safe Serb area within Bosnia.  When she ran into an old friend from her town,
he said, “I just came from there.  Walking through that area is just like walking
through the main square back home.  Everyone’s there.”   
      “So that means you’ll go back soon?” Uncle Marko asked when he heard
the news.  
      “I’m not sure,” Mira said.  “The roads are still dangerous, and I don’t
know if the bus goes there.”  
      Uncle Marko called the bus station and found out that buses were driving
that route again.  “It sounds like security is improving.  You should think about
going back.  You can’t keep sitting here around the house forever,” he said as
he hung up the receiver.  
      Mira did not sleep that night.  When the telephone rang in the morning
with her mother’s voice on the other end of the line, she made up her mind.  
      “We are alive and healthy,” her mother said.  “Living like the gypsies.  
I’m fixing up this house they gave us, but your father just sits around and stares
into space, like a mountain bear in winter.”   
      Mira did not wait for her uncle to come home from work to start packing.  
She had few possessions.  Several pairs of jeans and shirts and a yellowed
photograph of her parents, taken years ago during a summer vacation at the
Adriatic Sea.  Her suitcase was light.  
      Only after she had packed and straightened the pillows on her bed did
she notice a pile of eggs in the corner of the closet.  There must have been a
dozen heaped together, each egg a testimony to her thefts from the henhouse.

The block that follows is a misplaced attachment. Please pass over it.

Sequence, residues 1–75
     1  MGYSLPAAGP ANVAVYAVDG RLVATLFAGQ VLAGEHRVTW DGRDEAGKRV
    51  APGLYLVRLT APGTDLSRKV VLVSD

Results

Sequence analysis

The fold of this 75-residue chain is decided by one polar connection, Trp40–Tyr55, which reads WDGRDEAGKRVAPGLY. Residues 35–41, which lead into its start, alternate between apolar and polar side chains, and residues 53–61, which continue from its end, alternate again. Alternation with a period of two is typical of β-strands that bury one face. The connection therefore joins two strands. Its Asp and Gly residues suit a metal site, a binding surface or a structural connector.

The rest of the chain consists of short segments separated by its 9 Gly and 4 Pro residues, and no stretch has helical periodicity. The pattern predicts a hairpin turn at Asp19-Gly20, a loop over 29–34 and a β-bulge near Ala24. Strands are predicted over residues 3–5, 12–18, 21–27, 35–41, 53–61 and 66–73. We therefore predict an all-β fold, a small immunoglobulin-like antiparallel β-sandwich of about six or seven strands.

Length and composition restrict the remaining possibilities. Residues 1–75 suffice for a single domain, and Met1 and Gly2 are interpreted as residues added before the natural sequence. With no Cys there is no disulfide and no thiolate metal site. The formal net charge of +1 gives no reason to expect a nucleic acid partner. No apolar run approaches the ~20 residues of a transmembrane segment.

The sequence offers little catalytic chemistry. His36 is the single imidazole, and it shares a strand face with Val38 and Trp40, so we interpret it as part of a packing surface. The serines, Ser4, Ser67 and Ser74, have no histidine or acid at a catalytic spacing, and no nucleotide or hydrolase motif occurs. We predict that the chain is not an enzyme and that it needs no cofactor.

The eggs which she had craved were now a nuisance.  She had no time to eat
them and was unsure of what to do with them.  As she grabbed her purse from
the closet, the purse fell out of her hand and broke one egg.  Its yolk left a
yellow stain on the carpet, and a foul smell filled the room.  The eggs had been
there for weeks and were rotten by now.
      That evening Mira boarded the bus to Bosnia.  There were few passengers
on board and she had her choice of seats.  Uncle Marko waved at her from the
station deck.  As the bus exited the station and crossed the bridge that
connected the city with the highway, she thought about her parents and the
country she was going back to.  She no longer thought of the rotten eggs, which
still lay in the closet of the storage room, on the second floor of Uncle Marko’s


Jozefina Cutura works on gender issues for the World Bank, and has published
on the subject widely.  Cutura holds degrees from Stanford and Harvard
University.  Originally from Bosnia and Herzegovina, she currently lives in the
United States and is working on a collection of short stories about the lives of
Bosnian immigrants.

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Apple Valley Review:
A Journal of
Contemporary Literature

ISSN 1931-3888

Volume 4, Number 1
(Spring 2009)

Copyright © 2009
by Leah Browning, Editor.

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Apple Valley